‘Hostage-Style Prisoner Swap’: Critics Slam Erdogan’s Comments on Jailed US Pastor

By Patrick Goodenough | September 29, 2017 | 12:10am EDT
Turkish President Recep Tayyip Erdogan addresses a graduation ceremony for the Turkish National Police Academy, in Ankara on Thursday September 28, 2017. (Photo: Turkish presidency)

(CNSNews.com) – Turkey’s Islamist president came under fire Thursday for comments linking the fate of an incarcerated American pastor accused of espionage with the extradition of a U.S.-based Turk accused of masterminding a failed coup attempt last year.

Critics viewed President Recep Tayyip Erdogan’s remarks as an effective admission that evangelical Pastor Andrew Brunson is being held hostage in a bid to compel the U.S. to extradite Fethullah Gulen, an influential Islamic preacher who has lived in the U.S. since 1999.

“They say, ‘give us the pastor,’” the Hurriyet daily quoted Erdogan as saying during a speech to police graduates in Ankara. “You have another pastor in your hands. Give us that pastor and we will do what we can in the judiciary to give you this one.”

Without mentioning Brunson or Gulen by name, Erdogan added that the pastor in custody in Turkey is on trial while the one in America is not, and so could be handed over easily and immediately.

Sen. James Lankford (R-Okla.), who visited Turkey last December to urge justice ministry officials to free Brunson, slammed Erdogan’s remarks.

“President Erdogan’s suggestion that the U.S. should make a hostage-style prisoner swap for an innocent American imprisoned in Turkey is appalling and will not be taken seriously,” he said.

“Turkey has long been a U.S. ally, but has chosen to complicate and weaken its relationship with the U.S. and other free nations of the world through its increasingly autocratic policies.”

Lankford said the U.S. would not stand by idly, and called for Turkish officials responsible for the imprisonment of Brunson or any other American to be barred from entering the United States.

On her Twitter feed, Sen. Jeanne Shaheen (D-N.H.) said Erdogan should release Brunson unconditionally, calling his detention “unjustified & inhumane.”

“Fascist Erdogan at it again,” tweeted nationally-syndicated radio talk show host Mark Levin, while Middle East Forum president Daniel Pipes commented, “Translation: Brunson is now a hostage.”

Foundation for Defense of Democracies vice president for research Jonathan Schanzer, an expert on Turkey, also slammed Erdogan’s stance, tweeting, “1. Every American should know the name Andrew Brunson. 2. Every American should know Turkey's president is a thug.”

Pastor Andrew Brunson and his wife Norine have lived and worked in Turkey since 1993. (Photo: Facebook)

‘I can’t imagine that we would go down that road’

In a week’s time, Brunson’s family will mark the first anniversary of his imprisonment. The pastor from North Carolina had lived and worked in Turkey with his wife for more than two decades before his arrest.

He reportedly faces charges of espionage, attempting to destroy the constitutional order, and membership of a “terrorist” group – the movement headed by Gulen.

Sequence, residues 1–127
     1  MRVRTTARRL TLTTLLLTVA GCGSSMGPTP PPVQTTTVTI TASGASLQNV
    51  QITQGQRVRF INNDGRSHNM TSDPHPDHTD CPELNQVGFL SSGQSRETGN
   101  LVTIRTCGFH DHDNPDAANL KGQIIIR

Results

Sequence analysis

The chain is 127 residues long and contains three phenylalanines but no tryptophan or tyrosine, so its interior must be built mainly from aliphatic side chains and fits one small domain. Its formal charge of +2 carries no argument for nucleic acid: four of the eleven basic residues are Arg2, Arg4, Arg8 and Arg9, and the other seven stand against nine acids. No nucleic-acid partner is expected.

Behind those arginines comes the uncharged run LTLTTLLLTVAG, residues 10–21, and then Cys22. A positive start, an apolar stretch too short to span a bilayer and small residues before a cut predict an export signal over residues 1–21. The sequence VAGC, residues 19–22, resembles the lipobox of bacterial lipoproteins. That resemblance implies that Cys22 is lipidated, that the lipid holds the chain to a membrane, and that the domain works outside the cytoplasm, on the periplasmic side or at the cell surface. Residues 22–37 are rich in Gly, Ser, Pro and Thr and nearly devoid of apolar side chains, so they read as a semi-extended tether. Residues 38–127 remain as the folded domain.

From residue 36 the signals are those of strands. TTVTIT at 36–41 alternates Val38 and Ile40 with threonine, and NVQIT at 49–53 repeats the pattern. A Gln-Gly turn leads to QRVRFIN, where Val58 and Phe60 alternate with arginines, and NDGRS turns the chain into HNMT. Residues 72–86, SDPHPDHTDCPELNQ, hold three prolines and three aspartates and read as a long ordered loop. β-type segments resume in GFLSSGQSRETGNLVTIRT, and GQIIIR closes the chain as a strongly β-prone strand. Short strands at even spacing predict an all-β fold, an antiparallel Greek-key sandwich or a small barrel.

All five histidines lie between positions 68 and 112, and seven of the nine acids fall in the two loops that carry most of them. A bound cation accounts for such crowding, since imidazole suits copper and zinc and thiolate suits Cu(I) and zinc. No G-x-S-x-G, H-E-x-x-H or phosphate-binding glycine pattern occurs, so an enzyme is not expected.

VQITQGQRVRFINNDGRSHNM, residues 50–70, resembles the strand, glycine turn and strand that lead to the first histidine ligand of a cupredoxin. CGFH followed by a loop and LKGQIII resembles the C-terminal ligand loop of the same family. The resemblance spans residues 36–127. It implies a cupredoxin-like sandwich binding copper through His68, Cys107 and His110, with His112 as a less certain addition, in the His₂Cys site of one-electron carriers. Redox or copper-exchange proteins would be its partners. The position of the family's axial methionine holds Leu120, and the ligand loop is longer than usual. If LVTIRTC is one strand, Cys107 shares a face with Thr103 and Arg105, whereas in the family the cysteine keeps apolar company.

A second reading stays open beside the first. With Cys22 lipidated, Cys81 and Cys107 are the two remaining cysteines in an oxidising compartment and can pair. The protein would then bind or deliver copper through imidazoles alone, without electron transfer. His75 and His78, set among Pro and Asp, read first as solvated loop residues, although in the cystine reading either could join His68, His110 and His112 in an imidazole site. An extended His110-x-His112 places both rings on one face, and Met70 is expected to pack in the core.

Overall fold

Gulen, now 76, was a close ally of Erdogan until the two had a fallout in 2013. Following last summer’s coup attempt the president launched a massive crackdown on suspected Gulen supporters and sympathizers. More than 50,000 people have been arrested 150,000 judges, teachers, soldiers and others purged.

Gulen has denied any involvement in the coup bid. Brunson’s Turkish lawyer has denied any link between the pastor and Gulen.

Turkey has called on the U.S. to extradite Gulen, but the State Department says it has not provided sufficient evidence.

State Department spokeswoman Heather Nauert told a press briefing Thursday that “materials” provided by the Turkish government in support of extradition requests were still being evaluated.

Nauert said the U.S. continues to advocate for Brunson’s release, and that officials had visited him most recently on September 18.

“He was wrongfully imprisoned in Turkey, and we’d like to see him brought home.”

Asked for the department’s view of “this kind of offer” from an ally of the U.S., Nauert replied, “I can’t imagine that we would go down that road.”

An emergency order issued by Erdogan last month expanding his already considerable powers, granted him the authority to release foreign prisoners to their home countries, or exchange them for Turks held in another country.

American Center for Law & Justice (ACLJ) chief counsel Jay Sekulow has taken up Brunson’s case with the White House. Sekulow says he has been told that President Trump and Vice-President Mike Pence raised the issue of Brunson’s release three times during meetings with Erdogan when he visited Washington in May.

A White House readout of Trump’s May 16 meeting with Erdogan said he “raised the incarceration of Pastor Andrew Brunson and asked that the Turkish government expeditiously return him to the United States.”

The Evangelical Presbyterian Church has issued a call to prayer and fasting on the weekend of October 7-8, coinciding with the anniversary of Brunson’s arrest. An ACLJ petition calling for his release has more than 350,000 signatures.

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